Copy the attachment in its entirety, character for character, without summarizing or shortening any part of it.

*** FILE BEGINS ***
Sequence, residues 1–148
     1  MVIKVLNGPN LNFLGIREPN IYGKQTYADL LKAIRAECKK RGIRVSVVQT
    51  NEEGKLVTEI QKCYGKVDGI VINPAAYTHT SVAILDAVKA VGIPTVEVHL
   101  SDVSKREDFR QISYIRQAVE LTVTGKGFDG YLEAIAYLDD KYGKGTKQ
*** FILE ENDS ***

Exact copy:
Sequence, residues 1–148
     1  MVIKVLNGPN LNFLGIREPN IYGKQTYADL LKAIRAECKK RGIRVSVVQT
    51  NEEGKLVTEI QKCYGKVDGI VINPAAYTHT SVAILDAVKA VGIPTVEVHL
   101  SDVSKREDFR QISYIRQAVE LTVTGKGFDG YLEAIAYLDD KYGKGTKQ